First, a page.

I remember working on a copy desk once long ago and discussing with someone whether a word was actually a word.
“It’s not in the dictionary,” she said.
It’s true that the capital-D Dictionary offers a sort-of legitimacy to a language. If it’s in the dictionary, then of course it’s a bona fide word. But if it’s not, then it doesn’t — or shouldn’t — exist. This comes from a fundamental misunderstanding, I think, about how language works. See, words come first. Only later are they recognized (or not) by dictionaries or other sources. (Same with grammar. All those “rules” are really just descriptions of conventions already strongly in use, but that’s another discussion.)
Every year, when words are added to the dictionary, entire throngs of people wail and gnash their teeth. This year, f-bomb ignited a typical uproar (“a grave mistake”) when it was included in Merriam-Webster’s annual update. Buttload, bling, OMG — similar uprisings happened when these words were added to dictionaries in recent years.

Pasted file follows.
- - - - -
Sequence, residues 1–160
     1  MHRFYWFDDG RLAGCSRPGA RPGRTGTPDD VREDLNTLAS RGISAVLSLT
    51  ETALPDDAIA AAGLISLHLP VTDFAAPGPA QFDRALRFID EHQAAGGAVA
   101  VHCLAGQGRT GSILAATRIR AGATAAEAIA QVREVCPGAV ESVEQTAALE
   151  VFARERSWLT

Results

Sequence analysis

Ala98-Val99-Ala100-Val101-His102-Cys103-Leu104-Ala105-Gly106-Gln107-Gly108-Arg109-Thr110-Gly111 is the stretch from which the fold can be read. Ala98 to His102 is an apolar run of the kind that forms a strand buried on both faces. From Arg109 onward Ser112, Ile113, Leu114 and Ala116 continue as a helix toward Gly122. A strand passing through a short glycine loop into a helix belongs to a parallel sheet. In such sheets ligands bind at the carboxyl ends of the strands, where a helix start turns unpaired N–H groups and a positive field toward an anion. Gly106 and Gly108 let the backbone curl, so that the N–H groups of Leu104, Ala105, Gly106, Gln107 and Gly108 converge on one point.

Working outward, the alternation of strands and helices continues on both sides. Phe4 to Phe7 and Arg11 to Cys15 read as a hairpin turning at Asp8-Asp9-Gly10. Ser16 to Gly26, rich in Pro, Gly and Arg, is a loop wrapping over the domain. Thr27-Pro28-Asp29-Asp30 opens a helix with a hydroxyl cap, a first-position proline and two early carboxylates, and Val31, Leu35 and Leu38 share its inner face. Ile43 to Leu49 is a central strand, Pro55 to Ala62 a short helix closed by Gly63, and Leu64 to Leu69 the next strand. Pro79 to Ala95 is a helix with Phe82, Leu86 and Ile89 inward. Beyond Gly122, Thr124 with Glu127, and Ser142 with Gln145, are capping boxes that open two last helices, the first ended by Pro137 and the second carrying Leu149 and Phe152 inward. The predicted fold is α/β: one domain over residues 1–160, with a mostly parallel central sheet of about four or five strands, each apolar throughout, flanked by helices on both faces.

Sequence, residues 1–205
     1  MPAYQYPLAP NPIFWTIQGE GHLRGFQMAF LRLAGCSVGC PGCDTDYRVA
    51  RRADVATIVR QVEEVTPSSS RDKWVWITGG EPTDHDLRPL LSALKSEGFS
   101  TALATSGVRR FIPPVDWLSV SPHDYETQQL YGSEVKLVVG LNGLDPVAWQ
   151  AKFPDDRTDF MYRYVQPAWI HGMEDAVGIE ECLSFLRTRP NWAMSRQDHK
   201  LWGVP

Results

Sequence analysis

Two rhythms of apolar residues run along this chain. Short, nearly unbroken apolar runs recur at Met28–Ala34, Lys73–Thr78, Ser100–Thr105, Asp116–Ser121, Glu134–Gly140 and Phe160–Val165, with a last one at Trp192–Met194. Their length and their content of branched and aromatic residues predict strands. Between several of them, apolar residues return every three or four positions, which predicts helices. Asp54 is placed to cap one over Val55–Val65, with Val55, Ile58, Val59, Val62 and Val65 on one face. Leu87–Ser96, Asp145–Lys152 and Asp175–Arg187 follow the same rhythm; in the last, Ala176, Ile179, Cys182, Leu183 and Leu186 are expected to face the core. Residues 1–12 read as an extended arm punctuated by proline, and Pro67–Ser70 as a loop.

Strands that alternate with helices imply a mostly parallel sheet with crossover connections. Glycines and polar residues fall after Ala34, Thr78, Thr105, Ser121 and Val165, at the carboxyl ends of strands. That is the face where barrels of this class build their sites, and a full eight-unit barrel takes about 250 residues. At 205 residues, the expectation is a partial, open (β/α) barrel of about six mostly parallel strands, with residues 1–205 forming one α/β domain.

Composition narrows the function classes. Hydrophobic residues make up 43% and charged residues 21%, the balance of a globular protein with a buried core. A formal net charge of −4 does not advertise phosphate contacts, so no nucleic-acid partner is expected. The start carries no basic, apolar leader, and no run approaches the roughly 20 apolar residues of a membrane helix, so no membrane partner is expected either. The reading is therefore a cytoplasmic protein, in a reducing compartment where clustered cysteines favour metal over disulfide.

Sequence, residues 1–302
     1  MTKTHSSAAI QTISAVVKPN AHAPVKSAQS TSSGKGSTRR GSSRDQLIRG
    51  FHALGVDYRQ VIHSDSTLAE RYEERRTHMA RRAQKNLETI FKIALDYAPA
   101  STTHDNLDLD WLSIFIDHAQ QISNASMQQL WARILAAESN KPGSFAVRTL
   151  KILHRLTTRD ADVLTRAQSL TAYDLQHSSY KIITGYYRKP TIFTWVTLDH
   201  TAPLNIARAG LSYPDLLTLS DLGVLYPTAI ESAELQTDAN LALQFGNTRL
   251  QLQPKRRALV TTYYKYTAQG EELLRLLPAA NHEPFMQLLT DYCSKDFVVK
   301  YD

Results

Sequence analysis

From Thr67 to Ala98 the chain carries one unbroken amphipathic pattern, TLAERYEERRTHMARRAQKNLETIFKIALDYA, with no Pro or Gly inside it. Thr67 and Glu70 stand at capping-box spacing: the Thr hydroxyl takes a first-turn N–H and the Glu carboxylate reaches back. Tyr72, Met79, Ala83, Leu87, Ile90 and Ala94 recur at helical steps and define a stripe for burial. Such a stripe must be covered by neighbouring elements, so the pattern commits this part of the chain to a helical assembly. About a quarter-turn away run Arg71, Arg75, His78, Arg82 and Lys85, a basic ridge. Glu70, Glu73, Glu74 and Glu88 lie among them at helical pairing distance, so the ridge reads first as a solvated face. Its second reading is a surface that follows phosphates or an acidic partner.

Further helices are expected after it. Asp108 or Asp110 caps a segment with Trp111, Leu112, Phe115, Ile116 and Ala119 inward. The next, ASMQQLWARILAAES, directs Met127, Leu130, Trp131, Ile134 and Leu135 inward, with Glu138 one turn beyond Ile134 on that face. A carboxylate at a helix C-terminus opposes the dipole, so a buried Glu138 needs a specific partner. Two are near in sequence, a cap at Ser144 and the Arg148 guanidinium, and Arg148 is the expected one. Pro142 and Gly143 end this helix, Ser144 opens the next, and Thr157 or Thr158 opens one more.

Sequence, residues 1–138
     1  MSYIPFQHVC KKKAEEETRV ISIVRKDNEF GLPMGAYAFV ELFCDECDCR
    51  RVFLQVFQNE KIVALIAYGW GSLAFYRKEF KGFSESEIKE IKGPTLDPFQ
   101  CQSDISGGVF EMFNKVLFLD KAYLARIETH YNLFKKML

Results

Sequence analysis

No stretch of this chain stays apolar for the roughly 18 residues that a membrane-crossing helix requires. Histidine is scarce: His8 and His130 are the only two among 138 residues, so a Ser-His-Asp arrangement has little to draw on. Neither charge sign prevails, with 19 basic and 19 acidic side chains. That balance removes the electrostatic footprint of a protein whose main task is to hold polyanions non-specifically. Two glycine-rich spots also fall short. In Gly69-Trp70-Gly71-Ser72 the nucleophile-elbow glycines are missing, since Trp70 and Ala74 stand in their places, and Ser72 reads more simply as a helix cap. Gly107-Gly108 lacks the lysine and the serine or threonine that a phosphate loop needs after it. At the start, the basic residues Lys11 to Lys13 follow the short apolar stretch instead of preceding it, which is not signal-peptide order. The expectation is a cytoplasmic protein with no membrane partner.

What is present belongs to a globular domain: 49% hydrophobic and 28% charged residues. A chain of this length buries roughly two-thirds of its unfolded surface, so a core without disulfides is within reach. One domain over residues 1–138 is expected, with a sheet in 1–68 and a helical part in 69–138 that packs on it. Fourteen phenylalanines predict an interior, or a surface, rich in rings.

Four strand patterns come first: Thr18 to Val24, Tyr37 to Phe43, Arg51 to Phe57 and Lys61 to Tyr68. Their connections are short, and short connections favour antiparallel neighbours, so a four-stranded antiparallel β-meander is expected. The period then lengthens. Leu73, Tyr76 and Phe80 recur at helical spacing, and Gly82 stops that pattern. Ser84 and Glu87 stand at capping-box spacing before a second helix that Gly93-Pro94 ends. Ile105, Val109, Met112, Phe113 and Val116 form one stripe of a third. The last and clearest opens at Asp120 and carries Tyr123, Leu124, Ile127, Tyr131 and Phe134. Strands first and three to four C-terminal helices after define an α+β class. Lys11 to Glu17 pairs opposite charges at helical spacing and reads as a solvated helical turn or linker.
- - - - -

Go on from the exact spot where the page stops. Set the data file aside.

To me, though, words being recognized by dictionaries should bring celebration. It means the language is doing exactly what it needs to be doing. It grows and shifts and changes. Dictionaries adding (and removing) words shows us that the language is healthy and vibrant. This is good news for people who have been worried about English being destroyed by “other” cultures. Or for language purists who despair that the pristine English we all speak is somehow being sullied. Ain’t no sullying happening, folks. Just language change. It’s been happening since, well, the beginning of human language, so we better just relax and get used to it.